No solutions could be offered to the applicant in order to make the development acceptable. The
development would not improve the economic, social and environmental conditions of the area and
therefore does not comprise sustainable development. The Local Planning Authority has therefore
implemented the requirement in Paragraphs 186-187 of the NPPF.”
The full deatils can be found here


New Road to be Built linking Loco works (and 1700 + new houses) to Blackrod ???

A new planning  application has been submitted by Network rail for a road to link the loco works with Station Raod. It is unclear whether the land is in the greenbelt

The design and access statement states ”  the new access in itself will not give rise to any traffic generation,”  having previously stated ” The Transport Statement submitted with this application discusses this in further detail. However, in summary this Statement demonstrated that there is sufficient capacity at the proposed access junction and wider highway network to support a 500 unit residential development on NR land (which would be in accordance with the density requirements set out in the SPD. The assessments also show that the access junction has capacity to accommodate further development at the Horwich Loco Works Site ”

 Application 89722


Pi ∏ and the enforcement notices

∏  Pi is an infinite, non-repeating decimal – meaning that every possible number combination exists somewhere in Pi.

Converted into ASCII text, somewhere in that infinite string of digits is the name of every person you will ever love, the date, time, and manner of your death, every planiing application and every enforcement notice – and the answers to all the great questions of the universe.

Converted into a bitmap, somewhere in that infinite string of digits is a pixel-perfect representation of the first thing you saw on this earth, the last thing you will see before your life leaves you, and all the moments, momentous and mundane, that will occur between those two points.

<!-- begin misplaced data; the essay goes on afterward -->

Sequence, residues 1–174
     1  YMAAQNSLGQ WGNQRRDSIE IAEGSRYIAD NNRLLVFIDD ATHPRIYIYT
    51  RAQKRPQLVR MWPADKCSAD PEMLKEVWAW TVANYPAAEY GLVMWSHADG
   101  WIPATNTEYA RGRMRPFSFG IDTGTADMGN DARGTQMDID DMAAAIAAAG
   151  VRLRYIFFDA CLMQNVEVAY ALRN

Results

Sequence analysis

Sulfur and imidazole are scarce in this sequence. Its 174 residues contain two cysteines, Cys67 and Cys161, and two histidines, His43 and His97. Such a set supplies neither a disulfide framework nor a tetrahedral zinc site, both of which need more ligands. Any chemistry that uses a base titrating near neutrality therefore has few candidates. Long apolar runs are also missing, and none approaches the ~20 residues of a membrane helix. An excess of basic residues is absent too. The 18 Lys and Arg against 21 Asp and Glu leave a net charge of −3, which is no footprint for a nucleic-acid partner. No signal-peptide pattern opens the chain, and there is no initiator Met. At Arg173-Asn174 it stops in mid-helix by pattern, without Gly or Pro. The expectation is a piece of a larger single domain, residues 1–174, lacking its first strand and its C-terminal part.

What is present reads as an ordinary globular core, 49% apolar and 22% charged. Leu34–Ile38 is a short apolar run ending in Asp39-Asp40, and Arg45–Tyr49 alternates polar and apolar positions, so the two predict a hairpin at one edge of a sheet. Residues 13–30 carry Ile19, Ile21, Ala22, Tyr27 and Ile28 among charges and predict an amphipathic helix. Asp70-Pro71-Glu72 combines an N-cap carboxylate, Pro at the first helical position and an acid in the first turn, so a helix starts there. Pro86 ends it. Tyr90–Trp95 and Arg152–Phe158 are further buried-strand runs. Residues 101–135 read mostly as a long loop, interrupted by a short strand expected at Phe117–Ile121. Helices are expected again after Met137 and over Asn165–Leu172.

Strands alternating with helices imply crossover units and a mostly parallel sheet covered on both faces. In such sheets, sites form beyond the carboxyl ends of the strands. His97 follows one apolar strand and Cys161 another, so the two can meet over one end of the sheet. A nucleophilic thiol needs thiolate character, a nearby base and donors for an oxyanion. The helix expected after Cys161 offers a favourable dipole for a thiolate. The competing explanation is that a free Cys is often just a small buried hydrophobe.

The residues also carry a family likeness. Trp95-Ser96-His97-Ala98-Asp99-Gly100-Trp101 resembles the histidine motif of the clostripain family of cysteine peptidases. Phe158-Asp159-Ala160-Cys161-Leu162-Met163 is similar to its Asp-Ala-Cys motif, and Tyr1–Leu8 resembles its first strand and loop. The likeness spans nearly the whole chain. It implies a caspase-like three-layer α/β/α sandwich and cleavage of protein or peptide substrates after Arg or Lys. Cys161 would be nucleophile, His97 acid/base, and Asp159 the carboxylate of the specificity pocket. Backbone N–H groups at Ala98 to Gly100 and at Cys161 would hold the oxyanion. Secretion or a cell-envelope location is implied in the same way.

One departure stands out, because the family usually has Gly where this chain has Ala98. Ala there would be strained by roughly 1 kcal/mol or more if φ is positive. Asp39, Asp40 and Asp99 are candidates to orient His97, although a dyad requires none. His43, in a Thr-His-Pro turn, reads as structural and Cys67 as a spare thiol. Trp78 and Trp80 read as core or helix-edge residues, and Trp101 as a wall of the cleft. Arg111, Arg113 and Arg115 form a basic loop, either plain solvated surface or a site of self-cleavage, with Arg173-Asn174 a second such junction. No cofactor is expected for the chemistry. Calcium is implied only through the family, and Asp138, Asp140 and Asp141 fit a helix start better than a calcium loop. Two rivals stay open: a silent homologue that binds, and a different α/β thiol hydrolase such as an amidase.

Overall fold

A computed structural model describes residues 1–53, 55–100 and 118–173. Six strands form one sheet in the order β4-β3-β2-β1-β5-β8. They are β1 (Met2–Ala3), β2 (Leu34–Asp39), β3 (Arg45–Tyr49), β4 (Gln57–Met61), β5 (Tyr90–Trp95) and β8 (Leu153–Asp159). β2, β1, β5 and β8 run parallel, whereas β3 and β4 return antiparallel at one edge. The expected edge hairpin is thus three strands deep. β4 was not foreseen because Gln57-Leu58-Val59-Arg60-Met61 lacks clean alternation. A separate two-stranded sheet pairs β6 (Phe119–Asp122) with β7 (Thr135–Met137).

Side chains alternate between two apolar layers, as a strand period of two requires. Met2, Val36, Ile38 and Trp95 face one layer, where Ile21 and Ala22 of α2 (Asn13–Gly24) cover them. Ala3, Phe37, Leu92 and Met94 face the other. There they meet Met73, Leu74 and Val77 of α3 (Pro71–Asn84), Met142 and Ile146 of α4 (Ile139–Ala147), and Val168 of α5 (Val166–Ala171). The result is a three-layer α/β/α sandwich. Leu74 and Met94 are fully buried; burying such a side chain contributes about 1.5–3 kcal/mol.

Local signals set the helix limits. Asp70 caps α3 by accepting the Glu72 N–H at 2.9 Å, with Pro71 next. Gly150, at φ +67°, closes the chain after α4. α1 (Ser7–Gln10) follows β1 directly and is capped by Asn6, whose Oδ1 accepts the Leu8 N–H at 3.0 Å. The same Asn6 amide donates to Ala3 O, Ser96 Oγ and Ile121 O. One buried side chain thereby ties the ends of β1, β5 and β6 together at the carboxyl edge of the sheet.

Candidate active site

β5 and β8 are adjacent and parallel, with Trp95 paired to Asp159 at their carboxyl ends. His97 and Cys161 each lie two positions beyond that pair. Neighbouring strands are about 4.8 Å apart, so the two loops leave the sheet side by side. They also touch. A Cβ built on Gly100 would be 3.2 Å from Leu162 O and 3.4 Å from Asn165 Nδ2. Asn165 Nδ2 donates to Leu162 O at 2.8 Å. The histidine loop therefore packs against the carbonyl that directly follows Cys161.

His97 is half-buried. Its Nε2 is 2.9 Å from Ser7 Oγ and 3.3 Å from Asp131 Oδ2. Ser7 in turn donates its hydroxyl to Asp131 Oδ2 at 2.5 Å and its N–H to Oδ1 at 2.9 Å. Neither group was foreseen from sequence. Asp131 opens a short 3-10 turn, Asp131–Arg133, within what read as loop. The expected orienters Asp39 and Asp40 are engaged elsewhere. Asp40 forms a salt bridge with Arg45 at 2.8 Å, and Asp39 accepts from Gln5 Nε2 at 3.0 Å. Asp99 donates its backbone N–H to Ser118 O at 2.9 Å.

All information that has ever existed or will ever exist, the DNA of every being in the universe, EVERYTHING: all contained in the ratio of a circumference and a diameter.
Infinite (ie never ending)  is an interesting concept.

BHEAG understand a number of  residents on Nightingale Road have received letters from Bolton Council regarding potential breaches of planning condition. Despite having written in the officers report – for Wind Turbine at Douglas Valley Golf Course. -

“The applicant submits garden extensions to dwellings on Nightingale Road contained a landscape condition for the new rear boundaries and it has not been complied with and would screen the turbines. Officers consider landscaping bounds the rear boundaries in varying formats. Even if the condition has not been fulfilled, individual and cumulative landscaping has since been added by residents. Officers do not consider a breach of condition therefore expedient to pursue.”

It is our understanding that

i) Properties 42 to 62 were allowed extensions to the garden with no conditions placed on the approval (23939/84).